This last year I read significantly more than years past.  Too much perhaps, but reading has become a sort of hobby for me, an activity away from work that allows me to unwind and relax. I’ve heard that hobbies are important.  A few years ago tried to take up fishing but never caught anything and so, whenever someone asked me what my hobby was I’d reply, “casting.”  It seemed right to name it what it was.

While I”ve always been a reader, last year I read more books than any previous year. The final count came in at sixty six books.  I read widely too: youth fiction, biography, Christian non-fiction, personal development, history and increasingly, those books who find their way into the category of classic literature.  A good two thirds of the books I read were audiobooks and I regularly have two to three books going at any one time. I never read more than one book of fiction at a time but I’ll often have several works of non-fiction that I am working through.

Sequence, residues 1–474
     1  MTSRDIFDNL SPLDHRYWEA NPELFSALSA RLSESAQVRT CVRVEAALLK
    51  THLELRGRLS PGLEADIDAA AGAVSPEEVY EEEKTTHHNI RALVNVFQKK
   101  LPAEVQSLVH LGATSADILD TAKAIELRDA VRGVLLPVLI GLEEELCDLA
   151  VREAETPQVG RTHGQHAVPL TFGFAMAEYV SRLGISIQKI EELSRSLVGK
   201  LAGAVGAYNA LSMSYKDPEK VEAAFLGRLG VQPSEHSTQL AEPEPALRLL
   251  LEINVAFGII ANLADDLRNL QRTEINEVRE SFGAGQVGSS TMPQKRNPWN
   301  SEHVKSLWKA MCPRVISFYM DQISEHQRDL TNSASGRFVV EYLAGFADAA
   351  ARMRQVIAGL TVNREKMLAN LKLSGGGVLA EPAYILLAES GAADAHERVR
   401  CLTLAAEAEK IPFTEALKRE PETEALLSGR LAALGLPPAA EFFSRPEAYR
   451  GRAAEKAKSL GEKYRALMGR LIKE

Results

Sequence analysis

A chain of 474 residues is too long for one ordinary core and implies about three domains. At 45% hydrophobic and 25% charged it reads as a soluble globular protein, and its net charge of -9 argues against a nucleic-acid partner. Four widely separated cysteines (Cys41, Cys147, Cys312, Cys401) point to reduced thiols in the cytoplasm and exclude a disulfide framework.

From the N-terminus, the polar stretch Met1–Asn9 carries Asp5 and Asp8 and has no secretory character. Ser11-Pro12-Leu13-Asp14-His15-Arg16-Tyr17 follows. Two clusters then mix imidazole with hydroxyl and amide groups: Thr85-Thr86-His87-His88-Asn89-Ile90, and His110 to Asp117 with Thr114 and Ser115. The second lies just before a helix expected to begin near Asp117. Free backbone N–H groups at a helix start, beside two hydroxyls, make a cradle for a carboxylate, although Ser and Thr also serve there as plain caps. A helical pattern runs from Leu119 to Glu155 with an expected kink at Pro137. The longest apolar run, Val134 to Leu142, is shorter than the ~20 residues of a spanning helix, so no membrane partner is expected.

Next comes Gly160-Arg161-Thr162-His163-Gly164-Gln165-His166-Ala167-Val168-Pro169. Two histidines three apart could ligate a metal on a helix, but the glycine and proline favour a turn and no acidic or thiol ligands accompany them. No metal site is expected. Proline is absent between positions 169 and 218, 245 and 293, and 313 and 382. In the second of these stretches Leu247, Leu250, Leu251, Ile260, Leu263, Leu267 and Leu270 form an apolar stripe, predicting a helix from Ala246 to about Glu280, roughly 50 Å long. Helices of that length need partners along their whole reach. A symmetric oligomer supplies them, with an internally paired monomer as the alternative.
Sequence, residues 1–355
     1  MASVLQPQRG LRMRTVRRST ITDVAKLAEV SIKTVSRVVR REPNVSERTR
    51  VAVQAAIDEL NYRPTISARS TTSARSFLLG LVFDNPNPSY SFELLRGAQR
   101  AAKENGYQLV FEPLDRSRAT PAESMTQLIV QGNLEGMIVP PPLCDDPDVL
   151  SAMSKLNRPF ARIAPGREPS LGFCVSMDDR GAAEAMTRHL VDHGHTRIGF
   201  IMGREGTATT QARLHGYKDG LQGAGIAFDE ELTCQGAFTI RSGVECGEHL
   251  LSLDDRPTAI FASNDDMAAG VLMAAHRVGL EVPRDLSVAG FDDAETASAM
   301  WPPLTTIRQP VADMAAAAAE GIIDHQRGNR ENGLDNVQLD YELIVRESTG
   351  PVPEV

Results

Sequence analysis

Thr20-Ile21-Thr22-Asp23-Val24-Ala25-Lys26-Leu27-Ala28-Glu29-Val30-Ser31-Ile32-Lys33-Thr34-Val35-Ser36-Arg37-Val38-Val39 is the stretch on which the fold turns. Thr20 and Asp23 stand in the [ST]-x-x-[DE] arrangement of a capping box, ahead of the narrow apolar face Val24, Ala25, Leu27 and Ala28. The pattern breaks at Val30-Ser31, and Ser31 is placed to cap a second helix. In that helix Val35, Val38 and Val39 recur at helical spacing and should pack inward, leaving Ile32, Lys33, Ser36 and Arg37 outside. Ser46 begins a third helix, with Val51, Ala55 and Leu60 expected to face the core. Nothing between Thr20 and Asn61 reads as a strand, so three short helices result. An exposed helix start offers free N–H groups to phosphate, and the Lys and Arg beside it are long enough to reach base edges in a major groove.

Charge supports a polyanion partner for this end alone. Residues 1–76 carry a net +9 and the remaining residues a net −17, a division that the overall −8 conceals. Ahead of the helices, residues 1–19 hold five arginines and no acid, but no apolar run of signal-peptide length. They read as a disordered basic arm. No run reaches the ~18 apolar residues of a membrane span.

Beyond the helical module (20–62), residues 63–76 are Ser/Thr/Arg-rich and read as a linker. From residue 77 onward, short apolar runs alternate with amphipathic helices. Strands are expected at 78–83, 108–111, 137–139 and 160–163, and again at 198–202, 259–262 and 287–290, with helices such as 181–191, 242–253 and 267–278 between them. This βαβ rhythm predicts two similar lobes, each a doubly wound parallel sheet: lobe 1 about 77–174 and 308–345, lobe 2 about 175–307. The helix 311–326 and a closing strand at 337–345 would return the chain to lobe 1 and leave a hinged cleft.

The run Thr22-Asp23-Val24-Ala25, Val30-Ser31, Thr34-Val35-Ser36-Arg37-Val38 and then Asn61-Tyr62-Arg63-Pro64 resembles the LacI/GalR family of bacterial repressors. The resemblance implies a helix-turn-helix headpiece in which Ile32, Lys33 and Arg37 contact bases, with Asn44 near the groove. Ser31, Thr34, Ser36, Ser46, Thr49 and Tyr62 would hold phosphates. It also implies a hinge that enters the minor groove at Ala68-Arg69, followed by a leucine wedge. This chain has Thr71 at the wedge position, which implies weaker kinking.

C.S. Lewis said, “Those of us who have been true readers all our lives seldom fully realize the enormous extension of our own being which we owe to authors.”  When I think about who I’ve become, my own journey of discipleship and how I think about the world this rings true.  Books are perhaps the single most constant source of my own personal formation.  They’ve shaped me both directly and indirectly.  Besides good friends, books continue to fire my imagination, challenge my thinking and shape the narrative, the worldview of my thinking.  

Dorothy Sayers said that, “the sole true end of education is simply this: to teach men how to learn for themselves.”  There is little in life that allows me to continue to educate myself beyond books.  Youtube can give me the information I need to fix a faucet but little more.  Books however, and good books for sure, cause the mind to work at the task of cultivation, tilling the soil of the mind and the soul, planting seeds of old ideas made new, waiting in patient anticipation for new growth and, if all goes well, a harvest.  Speaking of reading history, John Lewis Gaddis said, “Standing in the past is no sure guide to predicting the future. What it does do, though, is to prepare you for the future by expanding experience, so that you can increase your skills, your stamina, and, if all goes well, your wisdom.

A good book is more than just paper and ink.  It is a vehicle for formation and as Gaddis hopes, for the gaining of wisdom.  And so I continue to read.  Perhaps not at the same rate as last year but I’ll read on nonetheless.  

How about you? What good books have you read lately?

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